C++ in the kernel

Erik Wikström Erik-wikstrom at telia.com
Mon Jan 5 02:49:26 PST 2009

On 2009-01-05 00:17, Michael Neumann wrote:
> Am 04.01.2009 19:26, schrieb Pieter Dumon:
>  > It's just political, there's pros and cons for everything.
>  > Its not because LT says something that it's true.
> Oh, I love Linus for his "strong opinions". He makes me laugh :)

He's a known C++phobic and it's quite obvious that he's not very
familiar with the C++ language or how to use it.

>  > Some people have demonstrated nice work in C++ (e.g. some L4 variants).
>  > Whatever language you use, it all comes down to using it properly.
>  > But if your whole kernel is written in C, better to leave it at that :-)
>  > The worst thing you can do is mix and match C and C++ I think - that
>  > would be really crappy.
> Yep, that is what I was thinking too. Mixing C and C++ is not nice. The
> two languages are still too different is some aspects. Nevertheless
> generics (i.e. C++ templates) and some form of subtyping could really
> help to make C a better, more expressive language.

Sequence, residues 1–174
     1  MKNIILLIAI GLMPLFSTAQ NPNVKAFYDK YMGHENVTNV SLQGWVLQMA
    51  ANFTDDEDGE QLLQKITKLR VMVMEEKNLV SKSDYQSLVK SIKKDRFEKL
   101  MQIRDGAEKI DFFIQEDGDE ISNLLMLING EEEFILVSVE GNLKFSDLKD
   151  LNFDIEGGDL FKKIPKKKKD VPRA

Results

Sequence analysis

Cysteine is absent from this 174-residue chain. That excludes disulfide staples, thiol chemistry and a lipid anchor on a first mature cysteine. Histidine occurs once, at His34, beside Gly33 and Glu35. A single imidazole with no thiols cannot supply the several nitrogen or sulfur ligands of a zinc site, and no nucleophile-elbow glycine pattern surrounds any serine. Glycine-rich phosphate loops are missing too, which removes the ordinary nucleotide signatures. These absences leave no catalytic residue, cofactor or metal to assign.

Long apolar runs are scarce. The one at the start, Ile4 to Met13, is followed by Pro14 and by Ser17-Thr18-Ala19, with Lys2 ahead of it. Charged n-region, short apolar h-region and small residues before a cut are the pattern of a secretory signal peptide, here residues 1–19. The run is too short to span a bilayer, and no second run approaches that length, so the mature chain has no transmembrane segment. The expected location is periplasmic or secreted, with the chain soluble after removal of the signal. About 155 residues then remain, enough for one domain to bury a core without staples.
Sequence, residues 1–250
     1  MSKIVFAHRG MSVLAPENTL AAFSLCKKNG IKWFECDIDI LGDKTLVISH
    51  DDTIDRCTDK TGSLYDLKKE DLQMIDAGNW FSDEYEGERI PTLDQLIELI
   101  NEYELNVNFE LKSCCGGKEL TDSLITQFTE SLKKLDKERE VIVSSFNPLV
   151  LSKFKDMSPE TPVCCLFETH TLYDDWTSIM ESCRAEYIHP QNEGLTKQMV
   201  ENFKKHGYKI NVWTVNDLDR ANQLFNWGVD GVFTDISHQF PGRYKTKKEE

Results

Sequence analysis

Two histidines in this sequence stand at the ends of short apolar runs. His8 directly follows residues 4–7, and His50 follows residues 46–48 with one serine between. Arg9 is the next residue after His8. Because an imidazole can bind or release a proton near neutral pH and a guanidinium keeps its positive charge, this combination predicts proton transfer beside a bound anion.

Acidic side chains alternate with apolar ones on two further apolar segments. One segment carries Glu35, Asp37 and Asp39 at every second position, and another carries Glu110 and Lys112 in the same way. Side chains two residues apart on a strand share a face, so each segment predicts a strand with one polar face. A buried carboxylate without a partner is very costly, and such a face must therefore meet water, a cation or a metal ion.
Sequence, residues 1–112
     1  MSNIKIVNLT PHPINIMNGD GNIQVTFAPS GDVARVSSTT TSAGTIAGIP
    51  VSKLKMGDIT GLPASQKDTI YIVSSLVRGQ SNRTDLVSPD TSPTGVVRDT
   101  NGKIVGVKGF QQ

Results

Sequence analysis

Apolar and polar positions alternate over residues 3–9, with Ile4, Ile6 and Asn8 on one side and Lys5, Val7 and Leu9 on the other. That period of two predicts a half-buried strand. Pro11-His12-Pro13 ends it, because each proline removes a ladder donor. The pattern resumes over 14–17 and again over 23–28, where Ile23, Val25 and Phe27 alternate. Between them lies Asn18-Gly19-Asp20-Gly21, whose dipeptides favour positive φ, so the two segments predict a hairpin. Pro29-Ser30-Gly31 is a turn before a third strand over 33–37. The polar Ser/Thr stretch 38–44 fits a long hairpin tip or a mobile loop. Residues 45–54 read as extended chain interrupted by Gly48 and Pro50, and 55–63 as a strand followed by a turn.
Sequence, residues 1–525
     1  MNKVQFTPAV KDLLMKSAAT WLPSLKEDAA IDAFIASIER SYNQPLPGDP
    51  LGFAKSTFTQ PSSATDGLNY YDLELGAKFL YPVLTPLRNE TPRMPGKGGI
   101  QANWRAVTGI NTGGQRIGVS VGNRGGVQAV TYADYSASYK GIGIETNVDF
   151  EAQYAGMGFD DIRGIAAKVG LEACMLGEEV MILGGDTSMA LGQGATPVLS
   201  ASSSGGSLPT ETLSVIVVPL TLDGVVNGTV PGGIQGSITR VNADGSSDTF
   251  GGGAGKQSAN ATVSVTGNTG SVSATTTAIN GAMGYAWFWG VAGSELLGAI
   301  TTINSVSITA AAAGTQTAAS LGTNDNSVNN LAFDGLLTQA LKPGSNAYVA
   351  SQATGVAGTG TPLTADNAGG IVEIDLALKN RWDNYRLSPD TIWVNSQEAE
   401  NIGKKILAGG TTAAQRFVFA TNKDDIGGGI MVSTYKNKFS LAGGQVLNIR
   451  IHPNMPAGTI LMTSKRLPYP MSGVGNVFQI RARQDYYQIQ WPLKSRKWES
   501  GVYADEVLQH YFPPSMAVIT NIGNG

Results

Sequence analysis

It would be interesting to see how much work it would take to compile
the kernel with g++ instead, after all most valid C is also valid (and
semantically equal) C++. If one were to use C++ as what some call "C
with classes" and perhaps also templates there would not be much
difference, the big question is how much C++ features one would allow
i.e. virtual functions, multiple inheritance, etc.

Another possibility, depending on the modularity if the kernel, is to
compile one or more subsystems as C++ and then link them together. That
would allow for some parts to be written in C and others in C++.

Erik Wikström

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